It all started with this NYT Op-Doc. Then I taught this lesson at church. Then I was faced with some big decisions in my life and ultimately decided to quit my job and take a four-week sabbatical. What I do next is up in the air so you can imagine that I’ve been thinking a lot about choices this year. And I’ve come to the conclusion that making our own choices is the best and hardest thing we do. I don’t think we take them seriously.
Here’s what I’ve learned about choices in the last few months:
- Self-doubt and hesitation are real and debilitating. The only thing that effectively eliminates them is action.
- We don’t get to choose the actions of others, but we can choose how we respond to them.
- Email, texting, social media, tv shows or other addictions distract from our ability to choose.
- Making passive choices can be as destructive as making wrong choices.
- The reality of individual choice is that only you choose how to spend your energy and your time.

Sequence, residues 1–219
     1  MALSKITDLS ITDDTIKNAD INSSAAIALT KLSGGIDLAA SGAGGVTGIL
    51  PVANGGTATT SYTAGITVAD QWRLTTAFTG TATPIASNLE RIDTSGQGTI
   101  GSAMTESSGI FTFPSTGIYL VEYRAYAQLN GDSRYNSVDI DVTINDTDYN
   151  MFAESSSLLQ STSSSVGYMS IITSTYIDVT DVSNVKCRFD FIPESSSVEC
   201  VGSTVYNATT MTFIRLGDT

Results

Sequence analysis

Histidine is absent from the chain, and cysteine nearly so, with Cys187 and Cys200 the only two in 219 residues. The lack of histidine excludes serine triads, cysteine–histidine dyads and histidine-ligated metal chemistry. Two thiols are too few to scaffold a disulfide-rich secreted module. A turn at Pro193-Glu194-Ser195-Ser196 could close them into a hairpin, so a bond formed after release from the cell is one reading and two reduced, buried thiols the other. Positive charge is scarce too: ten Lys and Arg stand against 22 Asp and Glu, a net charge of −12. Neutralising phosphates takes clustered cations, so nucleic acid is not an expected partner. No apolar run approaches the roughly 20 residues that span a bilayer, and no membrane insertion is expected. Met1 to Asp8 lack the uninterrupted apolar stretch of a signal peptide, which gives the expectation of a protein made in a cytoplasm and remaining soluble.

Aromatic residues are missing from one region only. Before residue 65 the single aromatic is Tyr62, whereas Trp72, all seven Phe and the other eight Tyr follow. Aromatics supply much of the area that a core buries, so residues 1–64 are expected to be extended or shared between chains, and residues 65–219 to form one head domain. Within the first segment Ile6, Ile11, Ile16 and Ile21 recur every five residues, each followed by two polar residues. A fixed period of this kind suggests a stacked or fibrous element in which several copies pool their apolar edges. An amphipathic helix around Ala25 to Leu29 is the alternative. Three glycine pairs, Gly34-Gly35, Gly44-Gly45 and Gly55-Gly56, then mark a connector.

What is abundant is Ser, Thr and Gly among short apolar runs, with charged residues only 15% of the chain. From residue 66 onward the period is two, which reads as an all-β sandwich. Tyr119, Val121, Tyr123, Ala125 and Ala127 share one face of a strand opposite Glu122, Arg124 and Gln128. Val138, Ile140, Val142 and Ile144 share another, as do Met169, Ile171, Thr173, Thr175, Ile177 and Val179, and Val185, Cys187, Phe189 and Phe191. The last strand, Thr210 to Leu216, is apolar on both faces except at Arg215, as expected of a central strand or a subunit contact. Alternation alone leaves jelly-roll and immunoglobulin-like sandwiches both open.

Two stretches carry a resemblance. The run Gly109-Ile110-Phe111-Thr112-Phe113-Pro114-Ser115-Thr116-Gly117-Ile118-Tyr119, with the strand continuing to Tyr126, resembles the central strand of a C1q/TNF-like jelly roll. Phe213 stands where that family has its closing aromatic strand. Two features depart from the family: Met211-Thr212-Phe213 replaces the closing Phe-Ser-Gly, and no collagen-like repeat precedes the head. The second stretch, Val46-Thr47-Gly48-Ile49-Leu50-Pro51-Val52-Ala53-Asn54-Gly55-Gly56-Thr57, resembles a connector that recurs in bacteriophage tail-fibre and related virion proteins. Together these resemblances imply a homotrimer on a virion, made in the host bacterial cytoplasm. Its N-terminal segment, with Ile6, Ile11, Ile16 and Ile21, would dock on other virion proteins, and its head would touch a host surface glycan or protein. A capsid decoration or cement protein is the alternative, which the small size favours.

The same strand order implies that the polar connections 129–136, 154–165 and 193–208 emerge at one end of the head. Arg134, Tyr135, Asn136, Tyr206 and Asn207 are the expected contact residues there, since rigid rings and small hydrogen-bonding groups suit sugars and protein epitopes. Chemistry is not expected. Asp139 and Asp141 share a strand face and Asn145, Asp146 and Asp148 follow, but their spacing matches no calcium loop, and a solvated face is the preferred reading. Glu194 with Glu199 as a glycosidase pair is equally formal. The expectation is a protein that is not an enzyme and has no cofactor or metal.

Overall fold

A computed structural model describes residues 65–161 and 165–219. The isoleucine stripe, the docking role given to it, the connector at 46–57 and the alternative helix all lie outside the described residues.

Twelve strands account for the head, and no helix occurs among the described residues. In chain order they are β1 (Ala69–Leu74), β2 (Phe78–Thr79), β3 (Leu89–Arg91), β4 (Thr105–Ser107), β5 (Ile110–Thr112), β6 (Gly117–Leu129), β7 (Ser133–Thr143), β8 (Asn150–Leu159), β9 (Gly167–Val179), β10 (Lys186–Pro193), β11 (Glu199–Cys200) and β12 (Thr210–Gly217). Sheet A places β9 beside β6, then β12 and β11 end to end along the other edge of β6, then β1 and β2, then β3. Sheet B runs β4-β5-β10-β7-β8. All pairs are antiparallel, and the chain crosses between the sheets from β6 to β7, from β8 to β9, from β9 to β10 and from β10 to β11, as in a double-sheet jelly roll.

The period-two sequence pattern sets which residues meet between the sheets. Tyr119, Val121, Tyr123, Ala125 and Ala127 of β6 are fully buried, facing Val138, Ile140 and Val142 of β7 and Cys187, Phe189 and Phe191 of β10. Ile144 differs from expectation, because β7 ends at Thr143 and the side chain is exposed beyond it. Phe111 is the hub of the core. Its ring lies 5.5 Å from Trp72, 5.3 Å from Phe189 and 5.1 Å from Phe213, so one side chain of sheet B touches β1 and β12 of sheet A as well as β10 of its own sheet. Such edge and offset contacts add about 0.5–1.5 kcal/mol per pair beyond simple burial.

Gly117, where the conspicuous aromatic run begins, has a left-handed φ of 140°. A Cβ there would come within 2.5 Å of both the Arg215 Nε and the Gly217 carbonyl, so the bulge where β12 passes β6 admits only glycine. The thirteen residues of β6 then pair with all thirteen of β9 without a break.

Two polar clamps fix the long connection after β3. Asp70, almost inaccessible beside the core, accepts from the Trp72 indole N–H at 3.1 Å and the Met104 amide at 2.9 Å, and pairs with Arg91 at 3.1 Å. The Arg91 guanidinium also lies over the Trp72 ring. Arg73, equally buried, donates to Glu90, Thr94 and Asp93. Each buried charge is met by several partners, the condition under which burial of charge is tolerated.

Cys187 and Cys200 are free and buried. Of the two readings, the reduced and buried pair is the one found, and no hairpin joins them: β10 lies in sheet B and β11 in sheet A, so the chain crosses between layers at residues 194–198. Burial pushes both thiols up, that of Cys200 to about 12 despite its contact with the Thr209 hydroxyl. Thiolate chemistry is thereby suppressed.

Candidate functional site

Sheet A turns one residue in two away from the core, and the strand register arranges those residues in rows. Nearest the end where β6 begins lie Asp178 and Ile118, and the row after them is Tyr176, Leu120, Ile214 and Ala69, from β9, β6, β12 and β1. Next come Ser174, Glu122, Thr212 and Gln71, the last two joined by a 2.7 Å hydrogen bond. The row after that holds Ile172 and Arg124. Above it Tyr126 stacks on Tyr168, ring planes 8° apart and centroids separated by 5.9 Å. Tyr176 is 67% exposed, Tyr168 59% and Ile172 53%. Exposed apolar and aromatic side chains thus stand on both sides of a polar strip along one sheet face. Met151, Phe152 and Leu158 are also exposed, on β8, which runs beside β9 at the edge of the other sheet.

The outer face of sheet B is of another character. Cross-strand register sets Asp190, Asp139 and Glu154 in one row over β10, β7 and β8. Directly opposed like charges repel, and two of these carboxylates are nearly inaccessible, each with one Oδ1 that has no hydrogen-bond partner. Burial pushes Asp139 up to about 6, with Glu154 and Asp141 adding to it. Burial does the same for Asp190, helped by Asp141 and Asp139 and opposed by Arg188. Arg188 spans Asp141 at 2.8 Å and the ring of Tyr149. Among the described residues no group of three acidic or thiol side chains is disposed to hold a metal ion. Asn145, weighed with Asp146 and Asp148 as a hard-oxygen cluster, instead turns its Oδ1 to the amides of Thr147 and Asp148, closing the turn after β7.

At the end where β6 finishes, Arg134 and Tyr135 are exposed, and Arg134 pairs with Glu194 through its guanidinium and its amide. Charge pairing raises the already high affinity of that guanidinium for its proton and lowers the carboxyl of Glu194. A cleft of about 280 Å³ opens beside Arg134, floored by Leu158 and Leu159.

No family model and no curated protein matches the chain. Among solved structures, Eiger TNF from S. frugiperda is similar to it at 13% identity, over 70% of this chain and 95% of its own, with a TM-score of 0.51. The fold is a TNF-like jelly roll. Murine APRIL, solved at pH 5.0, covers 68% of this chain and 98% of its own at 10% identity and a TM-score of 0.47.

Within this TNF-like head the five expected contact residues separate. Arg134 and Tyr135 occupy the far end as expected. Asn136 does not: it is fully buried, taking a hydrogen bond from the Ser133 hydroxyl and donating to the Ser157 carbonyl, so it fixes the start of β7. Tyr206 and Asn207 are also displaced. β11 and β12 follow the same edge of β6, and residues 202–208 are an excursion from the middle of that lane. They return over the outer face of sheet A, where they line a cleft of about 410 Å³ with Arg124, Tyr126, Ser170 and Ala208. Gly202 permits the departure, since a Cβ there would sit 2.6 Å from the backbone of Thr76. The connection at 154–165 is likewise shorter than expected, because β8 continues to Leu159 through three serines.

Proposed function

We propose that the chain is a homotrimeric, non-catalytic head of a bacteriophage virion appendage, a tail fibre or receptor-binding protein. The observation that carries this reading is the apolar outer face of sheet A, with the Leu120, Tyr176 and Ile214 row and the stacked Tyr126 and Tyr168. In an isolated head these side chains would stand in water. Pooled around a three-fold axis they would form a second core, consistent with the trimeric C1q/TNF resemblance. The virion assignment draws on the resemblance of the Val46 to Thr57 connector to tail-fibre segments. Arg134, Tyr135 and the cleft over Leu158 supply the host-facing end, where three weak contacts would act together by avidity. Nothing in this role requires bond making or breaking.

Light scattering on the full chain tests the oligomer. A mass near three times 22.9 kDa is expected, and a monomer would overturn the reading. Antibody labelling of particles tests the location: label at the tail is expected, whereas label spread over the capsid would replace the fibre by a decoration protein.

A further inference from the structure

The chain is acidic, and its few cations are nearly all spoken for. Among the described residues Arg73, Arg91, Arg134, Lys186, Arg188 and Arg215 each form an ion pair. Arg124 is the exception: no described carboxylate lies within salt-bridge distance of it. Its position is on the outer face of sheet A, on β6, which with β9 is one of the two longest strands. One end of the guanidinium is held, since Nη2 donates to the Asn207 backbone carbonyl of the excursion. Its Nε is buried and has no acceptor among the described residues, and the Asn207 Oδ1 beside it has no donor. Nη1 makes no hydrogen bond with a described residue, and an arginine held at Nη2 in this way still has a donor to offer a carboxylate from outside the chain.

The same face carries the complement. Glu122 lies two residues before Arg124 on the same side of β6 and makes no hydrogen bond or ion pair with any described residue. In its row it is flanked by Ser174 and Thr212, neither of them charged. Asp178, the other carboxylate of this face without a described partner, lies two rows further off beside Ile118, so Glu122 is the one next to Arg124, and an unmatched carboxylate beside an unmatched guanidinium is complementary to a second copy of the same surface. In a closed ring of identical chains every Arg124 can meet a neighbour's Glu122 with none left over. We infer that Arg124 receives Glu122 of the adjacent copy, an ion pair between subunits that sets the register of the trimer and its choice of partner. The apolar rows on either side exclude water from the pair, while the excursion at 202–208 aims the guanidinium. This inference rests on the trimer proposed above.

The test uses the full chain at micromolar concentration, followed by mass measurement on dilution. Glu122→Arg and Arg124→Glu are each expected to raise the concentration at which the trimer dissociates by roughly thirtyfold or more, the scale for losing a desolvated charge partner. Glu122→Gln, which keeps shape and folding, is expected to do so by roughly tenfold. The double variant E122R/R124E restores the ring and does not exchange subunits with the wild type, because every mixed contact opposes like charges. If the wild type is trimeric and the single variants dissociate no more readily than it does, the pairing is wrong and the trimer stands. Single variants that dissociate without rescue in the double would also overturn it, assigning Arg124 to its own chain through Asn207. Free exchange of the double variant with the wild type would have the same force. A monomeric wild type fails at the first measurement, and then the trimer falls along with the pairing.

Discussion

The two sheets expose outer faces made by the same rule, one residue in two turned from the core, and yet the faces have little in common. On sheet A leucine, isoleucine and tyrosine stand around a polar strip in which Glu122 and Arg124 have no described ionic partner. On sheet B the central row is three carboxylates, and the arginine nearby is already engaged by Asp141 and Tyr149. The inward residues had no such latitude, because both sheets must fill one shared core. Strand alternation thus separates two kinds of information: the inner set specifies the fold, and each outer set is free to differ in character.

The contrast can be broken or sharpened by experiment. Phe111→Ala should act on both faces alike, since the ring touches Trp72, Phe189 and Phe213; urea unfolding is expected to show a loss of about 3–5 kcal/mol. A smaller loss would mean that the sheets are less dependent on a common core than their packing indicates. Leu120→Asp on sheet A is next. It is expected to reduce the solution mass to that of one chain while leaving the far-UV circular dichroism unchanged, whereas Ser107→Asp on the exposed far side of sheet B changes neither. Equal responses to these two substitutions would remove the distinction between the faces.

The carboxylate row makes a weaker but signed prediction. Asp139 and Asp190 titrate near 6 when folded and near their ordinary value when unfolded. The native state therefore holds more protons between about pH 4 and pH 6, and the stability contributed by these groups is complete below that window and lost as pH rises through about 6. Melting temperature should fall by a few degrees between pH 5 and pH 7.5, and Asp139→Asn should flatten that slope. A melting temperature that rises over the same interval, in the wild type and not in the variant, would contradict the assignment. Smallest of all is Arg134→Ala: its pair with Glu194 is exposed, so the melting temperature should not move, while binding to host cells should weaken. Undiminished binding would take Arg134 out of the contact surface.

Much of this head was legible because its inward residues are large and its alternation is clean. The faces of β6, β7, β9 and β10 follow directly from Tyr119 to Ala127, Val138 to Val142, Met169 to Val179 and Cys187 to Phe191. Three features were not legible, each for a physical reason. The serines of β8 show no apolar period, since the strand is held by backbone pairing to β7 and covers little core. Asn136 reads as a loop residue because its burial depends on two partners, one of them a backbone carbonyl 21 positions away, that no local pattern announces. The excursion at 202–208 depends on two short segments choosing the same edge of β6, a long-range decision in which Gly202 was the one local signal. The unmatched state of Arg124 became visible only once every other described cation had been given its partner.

- Assuming responsibility for choices is hard but liberating.
This is a call to arms. It’s time we take back our right to choose. Here are a couple of suggestions that have helped me:
- What is impacting your ability to choose how you spend your energy and your time? Identify where you are passively making choices and take back your right to choose.
- Watch your language: Use the words “I choose to” rather than “I have to” or “I felt” rather than “You made me feel”.
- Assume responsibility by asking the question, “What’s my role in this matter?”
What can you do to take back your power to choose? At a conference I recently attended, Clayton Christensen spoke about the choices he’s made that have had the most impact. He noted that the choices he made on his own free will and desire meant so much more to him and have had greater impact than when someone else had told him to do something. I believe that. Actively making choices breeds happiness and success. So don’t give up your ability to choose.